Woman librarian devotes life to caring for wheelchair-bound tyrannical father after being stood up at altar. She fantasizes his death and finds joy only with her pet monkey.
This film also extends the storyline of the librarian and her father, two characters featured in The Killing Kind (1973), written by the same screenwriters as The Attic (1980). Neither film was a hit at the box office, and the roles in the earlier film were played by different actors.
The attic — the title of the whole shebang — is also never actually mentioned in the film, and not even seen until the last few minutes. Decidedly odd.
Even though the main character, Louise, is a librarian, the ultimate message is NOT uplifting. Like I said, SPOILER! After watching the film, my husband’s reaction summed it up perfectly:
That was depressing as hell. Based on this film, being a librarian must suck.
Let’s break it down as the reel librarian also breaks down:
The film opens with Louise crying over old home movies of her ex-fiance, and the camera pans over an overflowing collection of stuffed animal monkeys before settling on a closeup of her slashed, bloody wrists. Carrie Snodgress, nominated for Best Actress for 1970’s Diary of a Mad Housewife, really gives it her all in a pretty thankless role.
The next shot provides another closeup of her wrists, this time bandaged and back to stamping books in the library. This extended scene set in the library introduces several more reel librarians, including a young female librarian, Emily (Ruth Cox), and a male library assistant, Donald (Terry Troutt), who is shelving books as they close up for the day. The scene also uses two older, gossipy ladies to provide background to the plot. One older lady is checking out books from the front counter and notices the bandages on Louise’s hands.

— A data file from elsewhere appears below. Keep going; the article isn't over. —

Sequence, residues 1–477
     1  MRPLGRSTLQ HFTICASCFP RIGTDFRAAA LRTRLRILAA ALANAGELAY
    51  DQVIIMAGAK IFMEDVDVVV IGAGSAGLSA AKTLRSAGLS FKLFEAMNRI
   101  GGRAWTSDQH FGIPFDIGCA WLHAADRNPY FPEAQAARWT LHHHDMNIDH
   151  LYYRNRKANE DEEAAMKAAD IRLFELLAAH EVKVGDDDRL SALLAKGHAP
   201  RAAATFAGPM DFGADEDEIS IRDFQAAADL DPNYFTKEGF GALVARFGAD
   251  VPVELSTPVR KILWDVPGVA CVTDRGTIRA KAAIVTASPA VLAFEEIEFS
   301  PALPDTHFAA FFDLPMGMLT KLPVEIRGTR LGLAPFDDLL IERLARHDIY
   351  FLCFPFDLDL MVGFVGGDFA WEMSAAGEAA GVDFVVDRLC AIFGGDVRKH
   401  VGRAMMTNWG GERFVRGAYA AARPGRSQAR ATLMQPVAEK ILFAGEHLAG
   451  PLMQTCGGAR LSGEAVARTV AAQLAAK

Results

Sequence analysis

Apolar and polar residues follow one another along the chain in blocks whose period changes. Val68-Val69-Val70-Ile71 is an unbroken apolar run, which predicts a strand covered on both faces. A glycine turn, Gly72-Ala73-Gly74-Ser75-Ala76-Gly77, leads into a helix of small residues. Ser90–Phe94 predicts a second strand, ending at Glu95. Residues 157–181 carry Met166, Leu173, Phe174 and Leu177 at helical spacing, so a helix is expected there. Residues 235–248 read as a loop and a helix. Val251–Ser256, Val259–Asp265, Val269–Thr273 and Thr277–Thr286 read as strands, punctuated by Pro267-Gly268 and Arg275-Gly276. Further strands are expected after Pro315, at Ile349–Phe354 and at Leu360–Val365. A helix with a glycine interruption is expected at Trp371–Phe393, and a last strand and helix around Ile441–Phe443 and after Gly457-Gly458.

The other lady is busy gossiping to Emily by the card catalog — in full earshot of Louise! — and we learn that Emily has been hired to replace Louise as the head librarian. Louise is retiring, and the older lady insinuates that they’re pushing her out because of a recent, accidental fire in the library. She also links this current fire to a past fire that caused the paralysis of Louise’s father. Hmmmmm…..
Emily, as seen above on the left, is definitely a Spirited Young Girl character type — young, stylish, intelligent, and views working in the library as just a job. Her reaction to her new position?
I like it here. Beats being a college librarian.
Being a head librarian is not my idea of a lifetime career.
As Louise, Carrie Snodgress — only 33 herself at the time of filming! — is playing a character who can’t be more than 40 years old. We learn that she has worked in the library for 19 years, which is how long ago her fiance disappeared. Louise is also quite attractive and wears modern, stylish clothing. She also wears her long hair in different styles current for that time period, but her hair seems artificially greyed-out. Being that young an age for retiring does seem suspicious. We also hear the older lady gossip about Louise “in her intoxicated condition.” That is definitely one thing the older lady was right on target about:
The friendship between Louise and Emily is also evident early on, as Louise remarks, “I was prepared to hate you, replacing me and all. Instead, you have become my friend.”
And they do become friends, and enjoy several scenes together in the film. Louise and Emily bond over respective, overbearing parents: Louise’s father vs. Emily’s mother. Emily invites Louise over for dinner as well as for a bike ride to talk over personal issues; Emily wants to go to California to be with her boyfriend, but feels guilty about leaving her younger brother alone with her overbearing mother. Louise keeps urging Emily to seek happiness when she can, to avoid the fate she herself has endured. The film directors, George Edwards and Gary Graver, enjoy visually contrasting the two librarians, including shots that reflect similar wardrobe choices or body positions: